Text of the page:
"God on Trial" — on the seventh day, the defense rested?
There is no rest for memory.
And that is what this fascinating, if occasionally ploddingly pedantic and draining, drama offers as a plot point as part of "Masterpiece Contemporary," being broadcast this Saturday morning and Sunday evening at 9 on WHYY-TV Arts and Culture Channel.
Why? It takes on the very Jewish conceit that arguing with God is in the genes of Judaism — heavens, Tevye attests to it. But who knew that if God is in the details, he was also in jail.
And who would have the chutzpah to drag him there?
Seems Frank Cottrell Boyce did. Miranda-izing God? Boyce bounced the idea around presented him by exec producer Mark Redhead of Hat Trick Productions before coming up with a script shot in Glasgow over two weeks.
And, if the BBC broadcast doesn't exactly pull off a hat trick — or yank your yarmulke — it does attain one goal: Questioning why God would stand by idly and let man self-immolate in modern times without providing an extinguisher to prevent his extermination.
It seems a quixotic quest, but tilting at windmills winds up being a welcome talent from the screenwriter of "Welcome to Sarajevo."
What more harrowing setting could there be than the Holocaust and a concentration camp, for the concentrated action of men whose wrists and days are numbered, as they debate the existential question by the bonfires of hate at Auschwitz.
Redhead heads a long line of deep thinkers delving deeply into the topic, assayed on the small screen with big performances by such notables as Sir Antony Sher, as a mostly silent rabbi (well, the 90-minute film doesn't always deal in reality), and Rupert Graves, as all attempt to dig an intellectual tunnel amid the tumult for themselves to escape the hell-hole existence to which their religion has relegated them.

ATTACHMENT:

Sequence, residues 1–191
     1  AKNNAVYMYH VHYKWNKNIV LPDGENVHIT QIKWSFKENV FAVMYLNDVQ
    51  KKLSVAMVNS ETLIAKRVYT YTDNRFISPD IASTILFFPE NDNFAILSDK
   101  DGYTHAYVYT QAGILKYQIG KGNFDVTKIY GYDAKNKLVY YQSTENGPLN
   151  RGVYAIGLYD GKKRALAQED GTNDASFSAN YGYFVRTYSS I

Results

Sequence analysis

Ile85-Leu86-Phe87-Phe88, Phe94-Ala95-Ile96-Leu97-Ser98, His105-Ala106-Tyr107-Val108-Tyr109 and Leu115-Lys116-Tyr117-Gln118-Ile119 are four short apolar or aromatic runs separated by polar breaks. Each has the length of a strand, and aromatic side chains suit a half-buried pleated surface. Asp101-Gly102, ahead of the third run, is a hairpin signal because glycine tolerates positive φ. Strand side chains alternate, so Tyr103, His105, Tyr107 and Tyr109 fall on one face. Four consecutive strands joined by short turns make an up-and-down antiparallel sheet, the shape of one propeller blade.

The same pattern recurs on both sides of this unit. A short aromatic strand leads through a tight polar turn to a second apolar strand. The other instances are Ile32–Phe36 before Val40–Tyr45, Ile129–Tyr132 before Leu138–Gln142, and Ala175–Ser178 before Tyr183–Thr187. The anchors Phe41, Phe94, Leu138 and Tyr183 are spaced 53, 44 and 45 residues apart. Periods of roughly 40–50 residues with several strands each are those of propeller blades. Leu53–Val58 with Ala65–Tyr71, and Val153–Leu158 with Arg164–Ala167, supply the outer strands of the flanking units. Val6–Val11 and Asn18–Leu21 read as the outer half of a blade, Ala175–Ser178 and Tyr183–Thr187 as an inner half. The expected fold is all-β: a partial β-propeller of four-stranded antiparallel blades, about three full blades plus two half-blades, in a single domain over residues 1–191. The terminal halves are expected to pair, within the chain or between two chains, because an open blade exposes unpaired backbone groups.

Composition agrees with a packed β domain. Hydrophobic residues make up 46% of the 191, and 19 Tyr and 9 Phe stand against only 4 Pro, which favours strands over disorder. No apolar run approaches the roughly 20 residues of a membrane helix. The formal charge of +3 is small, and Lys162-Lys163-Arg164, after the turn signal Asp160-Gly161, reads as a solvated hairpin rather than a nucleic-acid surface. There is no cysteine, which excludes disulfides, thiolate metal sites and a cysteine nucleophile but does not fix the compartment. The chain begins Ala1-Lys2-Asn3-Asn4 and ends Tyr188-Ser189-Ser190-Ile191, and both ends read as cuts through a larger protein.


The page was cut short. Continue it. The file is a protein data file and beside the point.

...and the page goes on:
It is all an intellectual exercise with some heavy lifting, interchanging past and present, with inmates interspersed in scenes of tourists visiting the camp in the future.
Breach of Contract
But the gall of putting God on trial? And who do they summon to serve the summons? Well, if God is to be acquitted for his burning bush of a breach of contract with the Chosen People, guess it's good he's chosen a Jewish law firm to defend him.
It is the ultimate tort among the tortured. If the sharp interaction of the inmates is more theatrical and theoretical than fulfilling, "God on Trial," as a movie, does proffer the big picture — questions that have haunted college students, Holocaust survivors and, probably, even Joe the Plumbers, ever since Eve discovered her Garden of Eden wasn't for eating apples.
As for the film's finale: A guilty sentence for God would put a period on the explanation of why the world is so out of sync these days; but an innocent verdict would open the cell door to even more questions of why souls seem so incarcerated by a searing seal of hopelessness.
And the Jewish jury's verdict? Judgment Day: This weekend.